Since filling tanks on more humid
days helps reduce the risk of static,
perhaps spraying the interior of the
balloon with water and detergent
solution to increase its internal
humidity level could be a smart idea.
Those around the balloon should
wear gloves, long sleeve shirts, and
head cover with goggles or a face
shield. Since hydrogen burns fast and
upward, filling crews around and
below the balloon need protection.
In the old days, people around
tanks of hydrogen swept a straw
broom around them to locate possible
burning hydrogen leaks. Today, we
use IR thermometers to detect the
invisible flames of burning hydrogen.
Since they are so inexpensive these
days, every near space group using
hydrogen should carry at least one.
The last speaker was Veronica
Bailey of the FAA (Federal Aviation
Administration). A 22-year career
employee, her expertise is in education
these days. Veronica manages air shows
and career fairs for the FAA. She also
partners with CAP, ROTC, Project Lead
the Way, Boys and Girls Clubs, and
some universities with aviation programs.
One especially interesting thing she
talked about is that the FAA is about
to face a shortage. There are too
many employees nearing retirement
age and the agency is looking to hire
NOTE: All PCB patterns and files
are available on the Nuts & Volts
website at www.nutsvolts.com.
5,000 new employees a year for
the next five years — just to replace
retiring traffic controllers. This sounds
like a career opportunity to me!
This concluded Friday’s presentation,
after which Near Space Ventures gave
the audience a weather briefing for
Saturday’s flights. If you’d like to view
some of the activities from this day,
go to nearsys.com > Amateur Radio
High Altitude Ballooning > Data from
Past Flights > 2008 > NearSys 08A for
a complete mission report and video.
Onwards and Upwards,
Your near space guide
I do want to mention reefing parachutes this month.
Reefing prevents a parachute from fully opening at high
altitude. Then, once it has descended to a lower altitude,
the parachute is allowed to fully open. A reefed parachute
lets the near spacecraft descend faster early in the recovery
while it’s at high altitude and not a hazard to those on the
ground. Then, when near touch-down, the parachute
completely opens, slowing the near spacecraft to a safe
landing speed. A quick drop from high altitude prevents
the near spacecraft from drifting quite as far and puts the
recovery zone closer to the launch site. The reefing concept
I describe is actually untested; however, it should work well
in near space applications.
Using a 2N3904 NPN transistor allows a low power
source like the piezo alarm of an inexpensive stop watch to
trigger the line cutter. To modify a stop watch for this
purpose, you’ll have to open it up and remove the piezo
element of its alarm. The piezo element should drop right out,
exposing the two springs used to make electrical contact with
it. Solder wires to both springs. (I found inserting a bared
wire into the spring is a great way to make the connection.)
Then, set the alarm and measure the polarity of the wires
when the alarm beeps. You need to identify which is positive
and which is negative. The positive wire attaches to the left
side of the line cutter PCB, at the pad marked signal. The
negative wire attaches to the pad marked ground. The relay in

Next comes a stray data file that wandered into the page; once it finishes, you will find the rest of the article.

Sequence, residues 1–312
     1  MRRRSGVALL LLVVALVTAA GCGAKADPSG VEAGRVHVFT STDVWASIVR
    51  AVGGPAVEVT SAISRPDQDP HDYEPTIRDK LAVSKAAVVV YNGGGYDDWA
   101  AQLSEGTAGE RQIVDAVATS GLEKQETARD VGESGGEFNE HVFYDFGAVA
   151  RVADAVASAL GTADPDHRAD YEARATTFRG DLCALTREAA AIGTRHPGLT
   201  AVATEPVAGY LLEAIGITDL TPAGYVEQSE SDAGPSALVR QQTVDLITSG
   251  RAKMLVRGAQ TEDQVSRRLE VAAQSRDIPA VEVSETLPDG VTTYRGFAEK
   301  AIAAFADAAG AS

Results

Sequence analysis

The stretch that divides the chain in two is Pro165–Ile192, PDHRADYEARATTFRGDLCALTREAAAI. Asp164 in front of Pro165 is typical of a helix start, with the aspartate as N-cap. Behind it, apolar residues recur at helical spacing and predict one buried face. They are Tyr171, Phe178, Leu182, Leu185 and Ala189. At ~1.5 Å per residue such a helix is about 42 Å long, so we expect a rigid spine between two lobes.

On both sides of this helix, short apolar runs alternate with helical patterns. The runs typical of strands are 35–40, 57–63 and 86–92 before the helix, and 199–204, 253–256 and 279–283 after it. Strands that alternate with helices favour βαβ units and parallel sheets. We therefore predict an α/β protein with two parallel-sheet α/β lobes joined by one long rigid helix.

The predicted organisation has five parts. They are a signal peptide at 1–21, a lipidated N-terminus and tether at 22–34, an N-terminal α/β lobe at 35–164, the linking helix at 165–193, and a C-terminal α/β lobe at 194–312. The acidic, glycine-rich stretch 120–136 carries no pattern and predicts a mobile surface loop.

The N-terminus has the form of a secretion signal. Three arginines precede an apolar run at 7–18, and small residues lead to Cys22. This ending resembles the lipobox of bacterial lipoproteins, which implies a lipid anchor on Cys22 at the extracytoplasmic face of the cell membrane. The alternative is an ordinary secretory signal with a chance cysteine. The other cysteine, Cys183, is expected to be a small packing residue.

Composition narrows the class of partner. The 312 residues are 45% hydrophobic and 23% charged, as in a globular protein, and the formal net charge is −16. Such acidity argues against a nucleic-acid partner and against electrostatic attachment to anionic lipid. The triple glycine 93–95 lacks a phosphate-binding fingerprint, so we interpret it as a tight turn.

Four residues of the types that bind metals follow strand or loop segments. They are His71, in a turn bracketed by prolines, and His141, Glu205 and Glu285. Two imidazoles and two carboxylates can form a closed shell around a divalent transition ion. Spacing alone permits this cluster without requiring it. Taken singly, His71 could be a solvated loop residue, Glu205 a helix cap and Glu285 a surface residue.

this design is a five volt RadioShack reed relay, so the line
cutter needs four cells, or six volts to operate. Alternatively,
the line cutter’s three wire cable could connect to a
microcontroller project board like the Parallax Homework
board. A separate battery provides the power for the
nichrome line cutter.
That cable is the two
wires on the right side
of the PCB.
The reefing line is
■ The line cutter
suitable for control by a
variety of devices that
was used successfully
in the past to terminate
two near space flights.
made by threading Spectra kite line
through all eight twill tape loops at
the bottom of the parachute canopy
and the nichrome coil of the line
cutter. I think it might be beneficial
to add additional twill loops to
the edge of the canopy. Having
additional loops for the reefing line
to pass through will more fully
restrict the opening of the
parachute. The Spectra kite line is
then tied to form a loop smaller
than the diameter of the fully
opened parachute. Now when the
balloon bursts, the reefing line will
prevent the parachute from opening
fully. The partially opened parachute
still creates drag, but not to the
extent that it would fully opened.
Then at some later time, a stop
watch alarm or a microcontroller
triggers the line cutter and it melts
the reefing line. This then allows the
parachute to fully open.
■ Parts placement
for the line cutter.
Now, to mount the line cutter. I’ve attached line cutters,
batteries, and a timer to the apex of the parachute with no
ill effects. I believe the battery and timer for the line cutter
should be mounted there and the line cutter be allowed to
dangle down the side of the canopy. To restrict the movement
of the line cutter and its wires, a few small twill tapes should
be sewn to the canopy to form a restraint. Sewing a cloth
tunnel down the canopy in place of a couple of twill loops is
probably too much trouble and overkill.
You’ll find a ton more information on parachute design
in the book, Parachute
Recovery Systems, by T. W.
Knacke. There’s so much
knowledge packed into this
book that I’ve barely begun
to scratch the surface.
■ The first test of a
Eventually, this system
will be tested over the
skies of Kansas.